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OWI Case Analysis

An important question the decision leaves unanswered is whether a defendant could be convicted of operating while intoxicated if, although he never drives the vehicle or starts the engine, he does place the key into the ignition.

In an unpublished decision of the court of appeals, the court held that a defendant could be convicted, even though the engine was not running. State v. Wolford, 230 Wis.2d 749, 604 N.W.2d 35 (Table), 1999 WL 733822 (Unpublished decision, Wis.App.1999).

In Wolford, the defendant was found in the driver’s seat slumped over the steering wheel, with the key in the ignition in the “on” position. The dashboard lights were lit, but the engine was not running.

Reversing the district court’s dismissal of the case, the court reasoned, “First, the ignition is a control necessary to put a motor vehicle in motion. Second, placing the key in the ignition and turning it on constitutes manipulation of activation of a control. This conduct, therefore, falls within the clear and unambiguous meaning of the statute, and [is] consistent with the legislative intent.”

However, the court in Wolford failed to address the following language from County of Milwaukee v. Proegler, 95 Wis.2d 614, 291 N.W.2d 608, 614 (Ct.App.1980), that suggests the defendant could not be found guilty: “‘Operation’ of a vehicle occurs either when a defendant starts the motor and/or leaves it running.”

The Supreme Court in the case at bar did not expressly approve this language, although it approved the decision in Proegler that starting the vehicle is sufficient to constitute “operation.”

Certain language in the decision in the case at bar would support conviction under the same facts as in Wolford: “According to the explicit words of the statute, in order to ‘operate’ a motor vehicle, the statute requires that the person physically manipulate or activate any of the controls of the motor vehicle necessary to put it in motion.”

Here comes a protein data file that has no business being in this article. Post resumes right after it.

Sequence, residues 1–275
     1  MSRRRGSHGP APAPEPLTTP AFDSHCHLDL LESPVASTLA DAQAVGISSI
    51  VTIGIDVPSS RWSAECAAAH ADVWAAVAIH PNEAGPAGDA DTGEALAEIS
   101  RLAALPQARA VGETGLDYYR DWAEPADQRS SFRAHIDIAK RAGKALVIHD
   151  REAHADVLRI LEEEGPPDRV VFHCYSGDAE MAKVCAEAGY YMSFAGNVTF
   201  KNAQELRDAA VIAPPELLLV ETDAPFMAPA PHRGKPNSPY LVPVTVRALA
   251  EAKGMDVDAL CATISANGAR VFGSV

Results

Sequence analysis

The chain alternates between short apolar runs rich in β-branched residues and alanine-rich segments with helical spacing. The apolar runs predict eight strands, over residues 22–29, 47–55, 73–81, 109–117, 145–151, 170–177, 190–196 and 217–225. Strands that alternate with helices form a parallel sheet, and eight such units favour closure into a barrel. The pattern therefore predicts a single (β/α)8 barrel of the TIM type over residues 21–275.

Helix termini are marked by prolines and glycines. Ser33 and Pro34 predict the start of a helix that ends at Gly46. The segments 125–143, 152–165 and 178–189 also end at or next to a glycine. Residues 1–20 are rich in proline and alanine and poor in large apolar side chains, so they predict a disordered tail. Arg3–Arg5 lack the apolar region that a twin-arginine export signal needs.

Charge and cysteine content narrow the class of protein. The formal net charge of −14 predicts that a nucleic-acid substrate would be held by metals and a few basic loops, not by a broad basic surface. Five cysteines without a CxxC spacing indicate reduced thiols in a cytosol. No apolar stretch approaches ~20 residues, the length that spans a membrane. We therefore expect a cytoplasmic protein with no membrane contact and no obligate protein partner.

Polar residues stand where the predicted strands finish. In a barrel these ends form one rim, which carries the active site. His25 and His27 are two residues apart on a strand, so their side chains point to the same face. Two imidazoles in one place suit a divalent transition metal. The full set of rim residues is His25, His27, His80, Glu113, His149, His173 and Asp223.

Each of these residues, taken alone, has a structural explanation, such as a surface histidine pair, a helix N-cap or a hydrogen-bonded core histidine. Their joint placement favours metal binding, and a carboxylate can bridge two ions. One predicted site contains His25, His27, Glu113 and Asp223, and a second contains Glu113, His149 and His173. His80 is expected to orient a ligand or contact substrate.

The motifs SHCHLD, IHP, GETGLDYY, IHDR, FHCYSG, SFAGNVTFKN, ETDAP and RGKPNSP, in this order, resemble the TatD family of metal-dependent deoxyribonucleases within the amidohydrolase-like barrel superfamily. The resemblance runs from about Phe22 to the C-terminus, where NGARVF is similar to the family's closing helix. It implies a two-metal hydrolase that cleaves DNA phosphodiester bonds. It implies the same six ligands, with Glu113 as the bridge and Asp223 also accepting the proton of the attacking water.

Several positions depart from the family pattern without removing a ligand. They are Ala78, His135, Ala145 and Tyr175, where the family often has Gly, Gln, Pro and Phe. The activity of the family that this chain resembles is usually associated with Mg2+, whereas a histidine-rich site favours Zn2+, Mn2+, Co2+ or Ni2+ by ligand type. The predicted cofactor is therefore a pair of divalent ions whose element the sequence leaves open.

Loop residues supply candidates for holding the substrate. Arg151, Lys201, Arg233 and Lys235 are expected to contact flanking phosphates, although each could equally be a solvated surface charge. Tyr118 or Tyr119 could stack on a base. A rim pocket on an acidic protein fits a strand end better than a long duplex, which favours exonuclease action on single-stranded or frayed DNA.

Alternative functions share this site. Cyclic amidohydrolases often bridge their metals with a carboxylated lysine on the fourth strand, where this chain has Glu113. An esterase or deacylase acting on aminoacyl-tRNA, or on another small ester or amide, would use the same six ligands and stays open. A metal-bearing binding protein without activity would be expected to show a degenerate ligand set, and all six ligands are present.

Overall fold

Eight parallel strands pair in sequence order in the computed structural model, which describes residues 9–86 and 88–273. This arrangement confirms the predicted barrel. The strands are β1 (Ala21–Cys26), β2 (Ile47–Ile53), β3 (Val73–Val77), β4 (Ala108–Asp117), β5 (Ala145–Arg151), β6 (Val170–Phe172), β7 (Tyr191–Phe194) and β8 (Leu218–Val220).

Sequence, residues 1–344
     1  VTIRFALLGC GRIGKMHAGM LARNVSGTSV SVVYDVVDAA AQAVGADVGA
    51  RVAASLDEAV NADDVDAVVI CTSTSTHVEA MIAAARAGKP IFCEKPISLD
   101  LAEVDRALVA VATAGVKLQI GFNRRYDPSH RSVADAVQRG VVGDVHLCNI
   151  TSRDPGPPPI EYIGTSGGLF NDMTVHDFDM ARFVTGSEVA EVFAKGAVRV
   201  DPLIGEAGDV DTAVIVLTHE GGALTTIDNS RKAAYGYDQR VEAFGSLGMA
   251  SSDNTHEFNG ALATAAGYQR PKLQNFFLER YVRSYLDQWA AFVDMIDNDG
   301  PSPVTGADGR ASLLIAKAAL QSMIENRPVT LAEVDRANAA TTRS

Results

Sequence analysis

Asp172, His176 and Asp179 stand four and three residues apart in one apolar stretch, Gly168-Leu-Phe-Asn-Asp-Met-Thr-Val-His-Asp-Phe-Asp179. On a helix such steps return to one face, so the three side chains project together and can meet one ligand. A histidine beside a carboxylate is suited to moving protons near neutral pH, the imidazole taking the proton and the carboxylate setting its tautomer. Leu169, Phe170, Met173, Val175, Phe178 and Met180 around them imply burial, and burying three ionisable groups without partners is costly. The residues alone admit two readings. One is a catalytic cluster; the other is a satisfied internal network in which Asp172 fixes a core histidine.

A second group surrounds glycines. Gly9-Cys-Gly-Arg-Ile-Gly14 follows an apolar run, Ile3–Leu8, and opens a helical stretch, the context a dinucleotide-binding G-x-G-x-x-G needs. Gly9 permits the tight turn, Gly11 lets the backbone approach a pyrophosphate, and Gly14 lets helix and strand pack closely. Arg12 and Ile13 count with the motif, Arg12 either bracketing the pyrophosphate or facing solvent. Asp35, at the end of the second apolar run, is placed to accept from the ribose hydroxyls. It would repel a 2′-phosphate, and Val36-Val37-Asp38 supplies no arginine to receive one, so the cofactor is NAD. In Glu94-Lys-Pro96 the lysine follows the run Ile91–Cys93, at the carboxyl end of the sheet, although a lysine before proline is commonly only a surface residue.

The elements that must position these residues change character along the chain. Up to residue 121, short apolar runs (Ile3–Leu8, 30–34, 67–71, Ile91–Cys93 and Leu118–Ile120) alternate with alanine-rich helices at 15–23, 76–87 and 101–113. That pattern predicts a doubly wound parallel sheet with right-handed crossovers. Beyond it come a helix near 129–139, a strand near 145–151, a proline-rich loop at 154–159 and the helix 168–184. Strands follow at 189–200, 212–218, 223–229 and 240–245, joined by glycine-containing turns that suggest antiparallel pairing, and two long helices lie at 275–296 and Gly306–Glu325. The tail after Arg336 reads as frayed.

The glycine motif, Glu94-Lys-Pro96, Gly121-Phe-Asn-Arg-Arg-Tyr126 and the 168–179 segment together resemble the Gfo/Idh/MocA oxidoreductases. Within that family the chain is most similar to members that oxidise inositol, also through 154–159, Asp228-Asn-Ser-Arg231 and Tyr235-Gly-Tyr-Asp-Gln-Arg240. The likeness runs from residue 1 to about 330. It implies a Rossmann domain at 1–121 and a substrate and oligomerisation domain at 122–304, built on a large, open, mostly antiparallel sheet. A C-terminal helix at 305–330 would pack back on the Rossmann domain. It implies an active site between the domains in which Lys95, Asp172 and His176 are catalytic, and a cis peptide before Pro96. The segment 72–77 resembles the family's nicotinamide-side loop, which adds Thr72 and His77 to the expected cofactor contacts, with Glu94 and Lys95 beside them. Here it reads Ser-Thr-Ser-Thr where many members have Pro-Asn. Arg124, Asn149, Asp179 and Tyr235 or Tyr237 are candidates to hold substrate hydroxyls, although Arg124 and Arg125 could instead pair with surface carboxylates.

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Sitting in running vehicle is not ‘operating’

If a defendant turned the ignition to “on,” he clearly has physically manipulated a control necessary to put it in motion.

On the other hand, he has also deliberately chosen not to take a step necessary to put the vehicle in motion — actually starting the engine.

In addition, the court cites the following language from Proegler with approval: “The hazard always exists that the car may be caused to move accidentally, or that the one who starts the car may decide to drive it…” Proegler, 95 Wis.2d at 626. This would not be a concern if the vehicle is not actually started.

As a result, attorneys for both the prosecution and defense can find language in the case to support their positions in future cases similar to Wolford.

– David Ziemer

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David Ziemer can be reached by email.

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